There are several instances of Wise herself coaching others on how to act in ways that she – falsely – believed would stop communications becoming public.
In an 18 March 2014 email related to the College of Medicine (COM) project, for instance, Wise instructed Kaler to tell a subordinate to print out a certain email and “hand carry it to all of the people” in a list she provided.
The exchange makes clear that Wise believed that this would put the hard-copy documents out of reach of FOIA. Though Wise was mistaken in this, it would have made the documents easier for the recipients to destroy without trace were they inclined to do so.
In the same exchange, Wise asked Kaler if using an electronic dropbox to leave documents for others to see would help evade scrutiny. “Do you think that box is secure?” Wise asked. “Can it be FOIed?”
Kaler responded that the dropbox “doesn’t protect documents from FOIA, but it does reduce the number of electronic copies floating around campus.”
In a 10 July 2014 email, Wise admonished an external consultant for sending an email that suggested that two university officials – Vice President Christophe Pierre and then President Robert Easter – were supportive of her controversial plan for a college of medicine, saying its disclosure would put Pierre in a “compromised” position.
“You may not be used to the ‘FOIA-everything’ atmosphere that we are working in at Illinois,” Wise wrote. “I would really recommend that you ‘recall’ your email. I believe that makes it un-FOIAble.”
In a later email to another colleague, Wise confirmed that the consultant had destroyed the email as she had asked him to do.
There appears to be no reference in the emails to the famous “two-pager” memo on Salaita handed to Wise by a major donor days before she sent Salaita a letter informing him that his job no longer existed.
The Electronic Intifada made extensive efforts to try to retrieve the memo under the Freedom of Information Act. Wise and the university could not explain what happened to it.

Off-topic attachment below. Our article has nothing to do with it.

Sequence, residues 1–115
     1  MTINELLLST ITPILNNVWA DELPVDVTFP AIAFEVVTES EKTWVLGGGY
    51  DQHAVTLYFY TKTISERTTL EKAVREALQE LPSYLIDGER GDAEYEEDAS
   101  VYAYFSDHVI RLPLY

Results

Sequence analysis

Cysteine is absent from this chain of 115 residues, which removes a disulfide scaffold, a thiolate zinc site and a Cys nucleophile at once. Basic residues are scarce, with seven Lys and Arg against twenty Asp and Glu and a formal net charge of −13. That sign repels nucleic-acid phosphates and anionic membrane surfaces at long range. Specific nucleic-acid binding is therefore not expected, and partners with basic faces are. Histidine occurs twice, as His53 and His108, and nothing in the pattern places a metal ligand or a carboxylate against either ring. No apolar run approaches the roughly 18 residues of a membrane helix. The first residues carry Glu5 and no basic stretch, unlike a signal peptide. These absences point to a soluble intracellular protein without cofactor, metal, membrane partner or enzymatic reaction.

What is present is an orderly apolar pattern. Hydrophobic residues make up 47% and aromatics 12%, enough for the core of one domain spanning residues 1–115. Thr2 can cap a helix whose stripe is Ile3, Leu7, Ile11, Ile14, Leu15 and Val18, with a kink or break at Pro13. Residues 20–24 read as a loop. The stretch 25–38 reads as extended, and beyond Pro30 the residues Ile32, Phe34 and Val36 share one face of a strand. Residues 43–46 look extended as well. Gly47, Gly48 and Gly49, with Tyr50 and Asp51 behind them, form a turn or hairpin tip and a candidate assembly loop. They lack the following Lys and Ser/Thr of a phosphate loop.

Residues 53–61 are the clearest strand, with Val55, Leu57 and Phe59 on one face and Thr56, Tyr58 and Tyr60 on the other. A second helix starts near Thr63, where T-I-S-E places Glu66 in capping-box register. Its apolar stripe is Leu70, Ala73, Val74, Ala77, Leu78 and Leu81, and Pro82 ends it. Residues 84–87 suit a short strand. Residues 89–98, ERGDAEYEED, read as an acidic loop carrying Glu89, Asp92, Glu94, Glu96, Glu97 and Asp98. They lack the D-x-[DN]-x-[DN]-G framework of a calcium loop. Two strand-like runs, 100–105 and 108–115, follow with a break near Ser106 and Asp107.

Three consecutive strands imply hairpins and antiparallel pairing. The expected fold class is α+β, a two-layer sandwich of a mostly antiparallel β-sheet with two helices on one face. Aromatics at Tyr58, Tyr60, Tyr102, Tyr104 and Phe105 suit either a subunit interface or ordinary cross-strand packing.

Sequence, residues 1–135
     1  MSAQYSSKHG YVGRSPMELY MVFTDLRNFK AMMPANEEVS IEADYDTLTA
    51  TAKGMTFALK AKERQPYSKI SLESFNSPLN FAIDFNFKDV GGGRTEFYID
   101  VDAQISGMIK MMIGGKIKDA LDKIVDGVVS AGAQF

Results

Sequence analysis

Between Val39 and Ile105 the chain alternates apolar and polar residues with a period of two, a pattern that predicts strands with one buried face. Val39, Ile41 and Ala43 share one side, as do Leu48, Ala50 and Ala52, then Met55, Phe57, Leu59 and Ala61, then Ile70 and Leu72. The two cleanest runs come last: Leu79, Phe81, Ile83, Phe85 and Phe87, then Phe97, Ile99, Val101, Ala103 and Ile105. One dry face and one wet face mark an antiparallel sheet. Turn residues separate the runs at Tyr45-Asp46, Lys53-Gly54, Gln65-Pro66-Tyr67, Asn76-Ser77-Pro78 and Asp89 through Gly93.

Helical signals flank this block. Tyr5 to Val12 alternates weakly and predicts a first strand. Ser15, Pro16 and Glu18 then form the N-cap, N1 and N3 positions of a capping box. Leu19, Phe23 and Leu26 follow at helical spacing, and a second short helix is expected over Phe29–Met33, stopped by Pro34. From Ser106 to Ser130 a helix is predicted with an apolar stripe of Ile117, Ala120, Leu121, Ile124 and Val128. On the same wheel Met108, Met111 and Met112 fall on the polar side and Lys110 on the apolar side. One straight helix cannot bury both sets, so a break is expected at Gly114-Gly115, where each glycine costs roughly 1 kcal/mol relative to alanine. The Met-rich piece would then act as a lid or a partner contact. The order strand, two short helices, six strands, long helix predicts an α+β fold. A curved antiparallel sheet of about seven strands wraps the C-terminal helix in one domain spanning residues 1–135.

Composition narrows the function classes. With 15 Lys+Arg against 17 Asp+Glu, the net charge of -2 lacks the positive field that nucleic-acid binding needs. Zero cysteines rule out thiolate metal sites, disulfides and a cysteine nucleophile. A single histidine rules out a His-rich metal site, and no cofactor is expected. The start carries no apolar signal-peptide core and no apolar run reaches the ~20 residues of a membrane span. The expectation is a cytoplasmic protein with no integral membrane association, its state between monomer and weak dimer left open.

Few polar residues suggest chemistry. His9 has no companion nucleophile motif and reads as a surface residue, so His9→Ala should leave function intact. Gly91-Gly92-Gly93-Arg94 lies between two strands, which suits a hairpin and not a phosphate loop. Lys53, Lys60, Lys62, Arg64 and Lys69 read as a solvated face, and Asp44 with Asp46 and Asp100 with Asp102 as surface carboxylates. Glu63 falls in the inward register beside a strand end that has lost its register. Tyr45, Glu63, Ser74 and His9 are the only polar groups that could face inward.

Salaita alleges in his lawsuit that Wise destroyed the two-pager. The federal judge threw out that part of his complaint, so it may never be known what really happened to it.
Salaita, it should be recalled, also had to sue the university – successfully – to release thousands of other pages of emails about his case that it had attempted to keep from public view.
But Wise has now admitted in writing that she deleted emails – in effect destroying evidence – not just because of FOIA but because she expected litigation by Salaita.
The emails confirm that up until the morning of 24 July 2014, Wise and her campus colleagues were preparing for Salaita to take up his tenured position in the American Indian Studies program a few weeks later and there was no talk of firing him.
Their plan amounted to giving him a stern lecture about his tweets when he arrived on campus.
But after a closed meeting of the board of trustees on 24 July, Wise seemed to have her marching orders. The board would be “considering carefully whether to approve” Salaita’s appointment at its subsequent meeting in September, she wrote to colleagues, adding, “Definitely not a given.”
Anand Swaminathan, one of Salaita’s lawyers, told The News-Gazette that the emails indicate that “something changed” around the time of the 24 July board meeting.
“We think these documents in some ways raise more questions than they answer,” Swaminathan added. “It’s very clear that the university administration understood all the way through, at least through 24 July, that they had obligations and commitments to Professor Salaita. Something changed in their attitude since then.”
It is known that Salaita’s tweets – almost certainly as selected and spun by hostile, pro-Israel websites – were discussed at that board meeting.
But even after 24 July, Wise appeared to know that she was about to take part in something potentially disastrous.
On 31 July, the day before she sent her letter to Salaita informing him that his job had been rescinded, Wise wrote, in an apparent reference to a redacted draft university lawyers had sent her: “It will be the beginning of a lawsuit, I am sure I will be deposed no matter who sends the letter.”
“You may need to get ready as well,” she advised her correspondent, Provost Ilesanmi Adesida.
“We did the right thing”
In a 14 December 2014 email to Adesida, Wise complained that a critical report on the firing of Salaita by the faculty senate’s Committee on Academic Freedom on Tenure blamed her for the decision.